Some sensational new books are going to be introduced in our classroom as well. With the help of a Barnes and Noble gift card as well as books that have been stockpiled in our classroom for a few months, approximately 15-20 new books are going to generate a lot of excitement this next week. Here is a picture of our new book board as well as a one of my favorite new books:



Classroom Microscope:

I am introducing a new classroom microscope as well:


Reading Handbook:

Last, I created a reading handbook for my students focusing on the mini-lessons we are completing between the months of January and March. I write some of my own fiction and non-fiction selections that focus on specific comprehension skills. Besides that, I gather reproducible pages from Storyworks, skills charts from http://www.readinglady.com, and other pages from recent popular movies produced by Walden Media. Below is an example from the website for Journey to the Center of the Earth:


As stated, I am very ambitious for the new year and decade! I hope this year brings you sensational ideas as well.

Robert Frost said, "I am not a teacher, but an awakener." Ben Sweetland stated, "We cannot hold a torch to light another's path without brightening our own." So in the year 2010, find ways to "brighten your path". Believe you are a person your students can deeply, respectfully, and honorably admire.


I would love to see in full the magnetism and electricity charts as well as any of your science charts how can I do that?They are both cut off on your photo.

Here is where you can print images of the charts. I took straight shots of each poster today for fractions, decimals, and percents. Some new anchor charts made AFTER 2010 are included as well! =) Thanks!


Hi! I never knew comments continued long after my time as Scholastic teacher advisor ended. I wonder what I could do to make these anchor charts small enough for printing. =) Of course, if I can do it... they will be free!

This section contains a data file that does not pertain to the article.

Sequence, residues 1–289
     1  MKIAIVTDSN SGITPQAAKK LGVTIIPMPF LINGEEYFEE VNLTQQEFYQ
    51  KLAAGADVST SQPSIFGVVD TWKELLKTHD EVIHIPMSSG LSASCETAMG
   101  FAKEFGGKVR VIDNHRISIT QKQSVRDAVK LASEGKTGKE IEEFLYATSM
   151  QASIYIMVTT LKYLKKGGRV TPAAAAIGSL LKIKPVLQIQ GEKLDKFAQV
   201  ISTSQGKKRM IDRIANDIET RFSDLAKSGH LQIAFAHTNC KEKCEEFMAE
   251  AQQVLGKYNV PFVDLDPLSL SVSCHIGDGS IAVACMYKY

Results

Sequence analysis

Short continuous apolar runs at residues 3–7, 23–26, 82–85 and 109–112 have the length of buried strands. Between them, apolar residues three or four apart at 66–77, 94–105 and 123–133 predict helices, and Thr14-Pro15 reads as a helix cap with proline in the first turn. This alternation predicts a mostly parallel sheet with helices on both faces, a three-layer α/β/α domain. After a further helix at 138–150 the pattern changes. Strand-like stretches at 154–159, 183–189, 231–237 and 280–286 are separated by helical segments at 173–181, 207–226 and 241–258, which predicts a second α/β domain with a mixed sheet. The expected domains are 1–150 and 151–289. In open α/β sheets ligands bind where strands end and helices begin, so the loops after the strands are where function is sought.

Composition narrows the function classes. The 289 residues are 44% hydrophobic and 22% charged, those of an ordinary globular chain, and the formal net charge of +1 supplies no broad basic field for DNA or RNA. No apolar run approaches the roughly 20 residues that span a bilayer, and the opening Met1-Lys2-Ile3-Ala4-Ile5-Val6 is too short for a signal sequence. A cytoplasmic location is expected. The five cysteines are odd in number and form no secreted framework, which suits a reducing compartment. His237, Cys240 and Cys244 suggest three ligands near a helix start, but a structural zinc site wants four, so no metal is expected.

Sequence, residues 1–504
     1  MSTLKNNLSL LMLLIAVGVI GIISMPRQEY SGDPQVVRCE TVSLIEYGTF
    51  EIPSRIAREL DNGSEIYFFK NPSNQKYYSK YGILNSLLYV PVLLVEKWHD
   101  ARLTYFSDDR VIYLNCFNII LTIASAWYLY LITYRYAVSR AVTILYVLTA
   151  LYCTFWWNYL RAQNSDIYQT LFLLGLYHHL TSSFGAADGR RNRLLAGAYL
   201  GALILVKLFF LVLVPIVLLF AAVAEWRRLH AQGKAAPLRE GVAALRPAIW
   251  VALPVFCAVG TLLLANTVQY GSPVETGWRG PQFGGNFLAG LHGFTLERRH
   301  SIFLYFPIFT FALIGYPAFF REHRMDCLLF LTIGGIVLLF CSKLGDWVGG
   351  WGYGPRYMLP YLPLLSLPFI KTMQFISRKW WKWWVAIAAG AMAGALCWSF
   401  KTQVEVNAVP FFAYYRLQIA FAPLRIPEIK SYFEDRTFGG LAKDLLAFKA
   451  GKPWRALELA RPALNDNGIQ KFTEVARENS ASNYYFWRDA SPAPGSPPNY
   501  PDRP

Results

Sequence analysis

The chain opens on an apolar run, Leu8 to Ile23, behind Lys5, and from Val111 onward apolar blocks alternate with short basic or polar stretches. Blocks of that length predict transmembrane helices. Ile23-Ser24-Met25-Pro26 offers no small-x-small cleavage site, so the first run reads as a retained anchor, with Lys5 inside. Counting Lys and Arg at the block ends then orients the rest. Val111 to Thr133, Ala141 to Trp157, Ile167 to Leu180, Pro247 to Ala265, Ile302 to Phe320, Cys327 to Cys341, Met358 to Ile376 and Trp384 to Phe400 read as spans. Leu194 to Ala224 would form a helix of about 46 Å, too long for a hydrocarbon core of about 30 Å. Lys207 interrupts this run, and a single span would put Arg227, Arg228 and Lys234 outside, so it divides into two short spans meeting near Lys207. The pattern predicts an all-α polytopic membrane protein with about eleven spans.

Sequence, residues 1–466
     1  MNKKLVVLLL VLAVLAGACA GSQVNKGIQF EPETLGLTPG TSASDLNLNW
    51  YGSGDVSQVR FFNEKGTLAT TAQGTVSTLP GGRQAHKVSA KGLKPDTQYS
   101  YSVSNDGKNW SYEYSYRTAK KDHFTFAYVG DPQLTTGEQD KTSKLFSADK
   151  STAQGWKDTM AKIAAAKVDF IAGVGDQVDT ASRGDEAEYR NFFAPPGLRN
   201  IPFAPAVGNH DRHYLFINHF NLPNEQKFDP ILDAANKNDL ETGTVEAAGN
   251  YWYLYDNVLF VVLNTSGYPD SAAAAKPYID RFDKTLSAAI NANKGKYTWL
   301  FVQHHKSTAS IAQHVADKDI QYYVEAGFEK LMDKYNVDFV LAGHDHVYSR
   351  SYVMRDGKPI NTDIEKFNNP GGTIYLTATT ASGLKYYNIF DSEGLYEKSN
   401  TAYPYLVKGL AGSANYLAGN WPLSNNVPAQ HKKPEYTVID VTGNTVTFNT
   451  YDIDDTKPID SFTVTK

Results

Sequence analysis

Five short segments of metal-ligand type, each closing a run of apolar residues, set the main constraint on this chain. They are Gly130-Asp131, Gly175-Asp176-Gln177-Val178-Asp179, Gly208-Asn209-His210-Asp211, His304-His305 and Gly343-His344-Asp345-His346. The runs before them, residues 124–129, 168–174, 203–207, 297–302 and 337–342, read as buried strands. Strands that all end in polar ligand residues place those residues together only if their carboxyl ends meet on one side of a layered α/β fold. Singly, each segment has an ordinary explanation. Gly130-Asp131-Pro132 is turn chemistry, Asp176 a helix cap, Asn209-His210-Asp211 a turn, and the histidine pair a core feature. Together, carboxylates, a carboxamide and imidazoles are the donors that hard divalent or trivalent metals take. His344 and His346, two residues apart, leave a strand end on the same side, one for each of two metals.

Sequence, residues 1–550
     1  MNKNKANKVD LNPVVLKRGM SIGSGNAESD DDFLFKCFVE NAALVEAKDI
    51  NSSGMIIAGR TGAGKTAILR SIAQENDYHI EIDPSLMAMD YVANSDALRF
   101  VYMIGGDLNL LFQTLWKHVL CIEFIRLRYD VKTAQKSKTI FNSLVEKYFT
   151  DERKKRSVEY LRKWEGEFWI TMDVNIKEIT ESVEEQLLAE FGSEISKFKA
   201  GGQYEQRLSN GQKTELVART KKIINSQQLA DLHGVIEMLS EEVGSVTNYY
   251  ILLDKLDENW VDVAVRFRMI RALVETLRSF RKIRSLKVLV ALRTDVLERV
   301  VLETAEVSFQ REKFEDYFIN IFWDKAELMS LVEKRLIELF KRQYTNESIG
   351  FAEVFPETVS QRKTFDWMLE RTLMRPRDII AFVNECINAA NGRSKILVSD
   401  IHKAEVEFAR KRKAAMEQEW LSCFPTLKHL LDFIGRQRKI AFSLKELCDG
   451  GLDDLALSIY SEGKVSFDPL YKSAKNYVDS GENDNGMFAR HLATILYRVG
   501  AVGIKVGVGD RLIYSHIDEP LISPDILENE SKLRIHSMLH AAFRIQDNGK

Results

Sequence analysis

This summer, I will be opening two new domains, and I will try my best to get these charts on there, even if they are on the smaller side and they can be printed out for students' journals. Thank you SO MUCH for caring!!

- Victoria Jasztal

I would love to print your fractions/decimals chart that is at the top of this. How can I get my hands on this? I will pay !! :) for real!

Hi Victoria,

The charts are awesome! I am a new teacher/Special Education Teacher and believe that these charts would be such an asset to my students is there any way I could get a copy of what you wrote. I retired from the Air Force and decided to become a teacher for special needs students. With this being my first year I am loving it thus far. Thanks in advance.

Sabre' Alderete

Your charts are great. Where did you get your info to make them? I would love to make them for my self. What book did you use and how can I get a full picture of all the charts? The math charts....

wow, You are an awesome teacher!!!! I wish wish wish my children had had you for a teacher. Its amazing that you have taken the time to do these things so that the students can learn.... Bless you and all you do...

Wonderful ideas! I am a middle school math teacher and wanted to copy your posters but could not see the whole page. Is there anyway to get full page pictures for the math posters?

Hi, Elizabeth! I apologize for the late reply. Yes, I organize my charts on the easel so I can flip back and forth. Now, this month I have barely used pre-made charts, but I use them a lot before students take state assessments and in mini-lessons for reading. I believe I will be making more in the near future as we work on the book publishing project. What do you do with charts made in class or pre-made charts? Thanks for asking.

How do you organize your charts? Are they all on the easel or do you post them? Do you have any more pics?